Skip to Main Content

Cover Story

November 20, 2006
Volume 84, Number 47
Web Exclusive

ENERGY

Microbial Methane Farming

With a boost from BASF, Luca is testing production of 'real-time' gas in mature wells

Rick Mullin

Science has only recently shown that not all natural gas deposits are entirely the product of geothermal activity. A significant portion of known reserves were produced by microorganisms that metabolize oil, shale, and coal into methane.

LUCA TECHNOLOGIES
View Enlarged Image
CLOSE-UP Shown are scanning electron micrographs of microbial consortia isolated from the Carney coal seam in the Powder River Basin in Wyoming and Montana at 4,000X (top) and 8,000X magnification (bottom).
View Enlarged Image

Luca Technologies, a five-year-old company based in Golden, Colo., is working to prove that this biological process can yield gas in "real time," that bacteria can be propagated to accelerate gas production in mature gas and oil fields, and that the gas can be extracted economically.

Until recently, Luca had been funded entirely by its founding partners, including the former owners of Preston Reynolds, a natural gas exploration company. The firm recently received a $3 million investment—and a major vote of confidence in its concept of biological gas farming—from chemical giant BASF.

"We focus on stimulating the growth of indigenous anaerobic microbes and the production of methane by these microbes," says Mark Finkelstein, vice president for biosciences at Luca. He says the work involves close study of complex conditions at specific sites.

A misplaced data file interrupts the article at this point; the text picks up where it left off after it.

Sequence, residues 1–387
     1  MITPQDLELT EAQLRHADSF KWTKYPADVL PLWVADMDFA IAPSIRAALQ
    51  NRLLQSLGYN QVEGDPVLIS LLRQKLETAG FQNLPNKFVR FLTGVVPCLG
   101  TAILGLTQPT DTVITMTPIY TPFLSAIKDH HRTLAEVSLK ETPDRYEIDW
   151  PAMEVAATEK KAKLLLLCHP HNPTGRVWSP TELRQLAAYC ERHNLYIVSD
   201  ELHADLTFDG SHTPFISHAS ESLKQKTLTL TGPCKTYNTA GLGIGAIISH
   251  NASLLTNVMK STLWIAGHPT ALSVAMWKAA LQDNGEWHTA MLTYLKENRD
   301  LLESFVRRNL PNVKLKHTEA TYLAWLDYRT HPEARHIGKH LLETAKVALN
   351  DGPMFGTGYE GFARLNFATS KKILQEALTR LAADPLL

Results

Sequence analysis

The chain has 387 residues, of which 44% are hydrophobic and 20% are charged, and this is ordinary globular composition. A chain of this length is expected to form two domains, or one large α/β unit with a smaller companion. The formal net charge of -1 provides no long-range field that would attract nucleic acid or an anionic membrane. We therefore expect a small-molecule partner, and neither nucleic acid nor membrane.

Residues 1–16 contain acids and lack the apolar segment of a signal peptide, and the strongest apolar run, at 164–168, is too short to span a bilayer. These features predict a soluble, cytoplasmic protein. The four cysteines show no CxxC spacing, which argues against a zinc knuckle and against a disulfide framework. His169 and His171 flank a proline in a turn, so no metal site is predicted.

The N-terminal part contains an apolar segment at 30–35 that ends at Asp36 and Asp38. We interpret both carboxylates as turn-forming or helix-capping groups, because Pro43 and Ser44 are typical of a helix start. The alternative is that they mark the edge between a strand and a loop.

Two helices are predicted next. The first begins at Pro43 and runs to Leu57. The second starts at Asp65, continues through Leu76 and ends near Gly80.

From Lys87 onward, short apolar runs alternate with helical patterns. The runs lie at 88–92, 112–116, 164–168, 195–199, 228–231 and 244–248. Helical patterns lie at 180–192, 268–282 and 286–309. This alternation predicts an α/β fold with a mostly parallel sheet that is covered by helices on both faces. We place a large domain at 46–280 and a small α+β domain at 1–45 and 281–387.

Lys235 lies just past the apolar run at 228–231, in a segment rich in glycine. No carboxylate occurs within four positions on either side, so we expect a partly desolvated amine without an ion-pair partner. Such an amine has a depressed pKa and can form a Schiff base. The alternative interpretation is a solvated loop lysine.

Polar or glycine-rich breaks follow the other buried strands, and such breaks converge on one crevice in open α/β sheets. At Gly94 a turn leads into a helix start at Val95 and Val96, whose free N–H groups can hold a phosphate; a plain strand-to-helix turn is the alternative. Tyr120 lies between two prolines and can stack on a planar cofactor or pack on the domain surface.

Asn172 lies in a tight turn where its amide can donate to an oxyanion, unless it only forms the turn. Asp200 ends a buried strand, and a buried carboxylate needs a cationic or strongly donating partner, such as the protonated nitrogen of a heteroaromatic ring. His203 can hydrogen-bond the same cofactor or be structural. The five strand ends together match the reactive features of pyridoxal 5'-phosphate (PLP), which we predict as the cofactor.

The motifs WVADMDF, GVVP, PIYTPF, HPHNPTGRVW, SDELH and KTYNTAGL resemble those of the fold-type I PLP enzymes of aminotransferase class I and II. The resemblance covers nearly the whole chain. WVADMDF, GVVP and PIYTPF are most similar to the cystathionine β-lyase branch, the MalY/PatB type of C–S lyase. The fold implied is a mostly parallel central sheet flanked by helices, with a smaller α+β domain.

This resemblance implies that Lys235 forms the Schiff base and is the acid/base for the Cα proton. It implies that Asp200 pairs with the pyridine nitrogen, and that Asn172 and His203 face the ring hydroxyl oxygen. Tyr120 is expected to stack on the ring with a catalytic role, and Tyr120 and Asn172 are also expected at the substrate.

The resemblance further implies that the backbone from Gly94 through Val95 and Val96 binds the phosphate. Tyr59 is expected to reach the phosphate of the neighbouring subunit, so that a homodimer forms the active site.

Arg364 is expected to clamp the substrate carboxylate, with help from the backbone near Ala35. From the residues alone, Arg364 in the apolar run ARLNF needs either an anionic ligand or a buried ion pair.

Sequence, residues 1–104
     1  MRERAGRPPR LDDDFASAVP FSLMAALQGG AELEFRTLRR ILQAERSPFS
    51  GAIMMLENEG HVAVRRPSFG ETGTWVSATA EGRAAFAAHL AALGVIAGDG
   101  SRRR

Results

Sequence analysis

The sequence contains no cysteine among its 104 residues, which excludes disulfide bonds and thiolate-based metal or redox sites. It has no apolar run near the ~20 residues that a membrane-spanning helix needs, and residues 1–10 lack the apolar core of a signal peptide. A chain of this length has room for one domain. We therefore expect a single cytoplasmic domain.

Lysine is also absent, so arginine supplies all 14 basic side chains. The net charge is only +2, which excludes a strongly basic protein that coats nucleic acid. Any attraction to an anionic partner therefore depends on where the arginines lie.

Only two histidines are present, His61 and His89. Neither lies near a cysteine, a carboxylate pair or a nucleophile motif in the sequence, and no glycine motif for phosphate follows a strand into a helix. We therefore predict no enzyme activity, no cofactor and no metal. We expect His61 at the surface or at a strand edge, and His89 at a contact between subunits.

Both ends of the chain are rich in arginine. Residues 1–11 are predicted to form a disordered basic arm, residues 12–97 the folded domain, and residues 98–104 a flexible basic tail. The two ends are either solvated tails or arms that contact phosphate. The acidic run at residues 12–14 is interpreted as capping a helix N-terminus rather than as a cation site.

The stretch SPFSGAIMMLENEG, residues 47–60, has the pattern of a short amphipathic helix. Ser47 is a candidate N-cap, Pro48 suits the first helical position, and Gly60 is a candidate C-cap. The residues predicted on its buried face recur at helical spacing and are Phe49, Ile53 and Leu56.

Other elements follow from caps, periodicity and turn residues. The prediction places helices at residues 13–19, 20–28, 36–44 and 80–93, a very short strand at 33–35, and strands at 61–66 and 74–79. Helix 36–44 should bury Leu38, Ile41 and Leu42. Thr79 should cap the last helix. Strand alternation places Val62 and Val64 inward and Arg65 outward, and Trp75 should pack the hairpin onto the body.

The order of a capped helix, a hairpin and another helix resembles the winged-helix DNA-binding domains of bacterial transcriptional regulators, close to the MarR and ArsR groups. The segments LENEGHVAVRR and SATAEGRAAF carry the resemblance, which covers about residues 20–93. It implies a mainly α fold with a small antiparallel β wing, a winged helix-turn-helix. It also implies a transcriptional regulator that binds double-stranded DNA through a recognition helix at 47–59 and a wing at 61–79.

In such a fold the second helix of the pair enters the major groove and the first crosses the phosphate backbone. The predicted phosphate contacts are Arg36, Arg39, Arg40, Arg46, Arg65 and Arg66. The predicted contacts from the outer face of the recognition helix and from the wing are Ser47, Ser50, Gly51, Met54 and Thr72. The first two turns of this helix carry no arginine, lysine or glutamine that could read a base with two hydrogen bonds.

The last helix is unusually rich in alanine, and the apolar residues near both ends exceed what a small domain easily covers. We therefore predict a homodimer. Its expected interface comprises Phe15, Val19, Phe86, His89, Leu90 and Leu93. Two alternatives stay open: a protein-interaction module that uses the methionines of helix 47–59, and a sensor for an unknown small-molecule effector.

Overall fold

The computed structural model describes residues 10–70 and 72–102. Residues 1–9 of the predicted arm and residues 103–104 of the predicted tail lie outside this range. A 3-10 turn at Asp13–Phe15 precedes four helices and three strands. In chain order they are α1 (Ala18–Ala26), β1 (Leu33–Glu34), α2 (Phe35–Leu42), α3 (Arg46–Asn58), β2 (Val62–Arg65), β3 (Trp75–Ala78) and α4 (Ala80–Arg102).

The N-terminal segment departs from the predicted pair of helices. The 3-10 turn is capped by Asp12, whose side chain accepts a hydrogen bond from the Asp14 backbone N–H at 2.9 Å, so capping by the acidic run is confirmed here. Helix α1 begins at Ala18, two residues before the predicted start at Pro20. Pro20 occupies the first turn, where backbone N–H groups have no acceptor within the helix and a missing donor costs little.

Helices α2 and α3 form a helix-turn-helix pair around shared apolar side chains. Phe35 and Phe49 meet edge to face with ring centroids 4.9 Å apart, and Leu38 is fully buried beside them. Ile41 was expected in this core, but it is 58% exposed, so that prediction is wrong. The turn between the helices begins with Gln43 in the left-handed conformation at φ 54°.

"It's not a matter of a single microbe," he says of the bugs his firm is probing. "It's a consortium that really runs the gamut of microbes that are down there." Luca is interested in identifying and bolstering those microbes that degrade hydrocarbons, converting them to methane in the presence of alcohols and organic acids.

The production of methane and surfactant materials by microorganisms could also have the effect of stimulating oil production, according to Finkelstein.

Most of the work is taking place in the laboratory, where Luca feeds bacteria in bioreactors, "adding the right nutrients to samples we have drawn from the field," Finkelstein says. "In the case of an oil field, we take oil coming out of the well-head as well as the formation water that is associated with it."